Trading Places

Here’s how it started. In the early 1990s, in a Mexican state called, confusingly, Mexico, the prize gorilla at a local zoo died. Victor Bernal, the zoo’s director, was desperate to get another one — fast. So he contacted a dealer of exotic animals in Miami and began to arrange, illegally, to have a gorilla shipped to Mexico.

But, unfortunately for Bernal, this particular animal dealer was working as an informant for a federal investigation into primate smuggling. He told the feds, and they started plotting how to nab Bernal. To arrest him, though, they would need to complete the transaction, with Bernal handing over money for an illegally smuggled gorilla.

“But it’s risky and dangerous to use a real animal, so we had to use a willing substitute — an agent in a gorilla outfit,” a U.S. attorney told told the Los Angeles Times.

Grist thanks its sponsors. Become one.

The feds put the agent in a special gorilla cage at an airport in Miami, where Bernal and his associates picked him up and handed over the money. The arrest took place “very soon after they saw the agent in a gorilla suit,” federal authorities said, but also “apparently the agent was fairly proficient at apelike sound effects” and “it was a very good costume.”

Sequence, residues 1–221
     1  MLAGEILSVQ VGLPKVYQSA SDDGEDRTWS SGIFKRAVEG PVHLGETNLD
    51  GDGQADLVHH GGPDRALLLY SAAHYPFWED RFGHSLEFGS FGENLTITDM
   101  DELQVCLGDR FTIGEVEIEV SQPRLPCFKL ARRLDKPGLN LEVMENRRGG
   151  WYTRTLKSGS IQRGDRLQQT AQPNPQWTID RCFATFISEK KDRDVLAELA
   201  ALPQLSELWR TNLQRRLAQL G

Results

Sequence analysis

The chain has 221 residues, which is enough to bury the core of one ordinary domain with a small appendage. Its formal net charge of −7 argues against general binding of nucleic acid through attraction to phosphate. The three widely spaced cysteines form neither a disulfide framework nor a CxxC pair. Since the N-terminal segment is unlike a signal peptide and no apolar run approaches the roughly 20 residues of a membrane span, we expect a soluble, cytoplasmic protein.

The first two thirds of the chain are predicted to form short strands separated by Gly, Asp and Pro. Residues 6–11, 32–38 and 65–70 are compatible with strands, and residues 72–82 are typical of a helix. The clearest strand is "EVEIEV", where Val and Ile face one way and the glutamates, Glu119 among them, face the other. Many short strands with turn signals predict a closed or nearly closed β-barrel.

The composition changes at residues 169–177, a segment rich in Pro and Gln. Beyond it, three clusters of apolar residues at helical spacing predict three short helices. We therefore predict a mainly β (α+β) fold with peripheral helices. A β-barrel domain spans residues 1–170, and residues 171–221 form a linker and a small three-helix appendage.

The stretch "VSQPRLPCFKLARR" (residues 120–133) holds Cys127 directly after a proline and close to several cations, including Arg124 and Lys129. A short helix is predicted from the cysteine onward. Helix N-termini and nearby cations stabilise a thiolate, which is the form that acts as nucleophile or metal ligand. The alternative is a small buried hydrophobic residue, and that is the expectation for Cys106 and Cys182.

Or maybe the buyers were so stressed out, they weren’t looking that closely. Even after they were arrested, they didn’t quite grasp what was going on, writes:

Now that the ruse was up, [wildlife officer Terry] English had no more need of a sweaty, shit-encrusted gorilla costume, so he simply opened the door of the cage and walked toward Bernal, who reportedly lost his shit. Even after English had removed the mask, the prisoner still thought a real gorilla was actually coming to rip his head off and punt it onto the runway.

How is it even possible that this isn’t a movie yet?

Grist thanks its sponsors. Become one.

Reader support helps sustain our work. Donate today to keep our climate news free.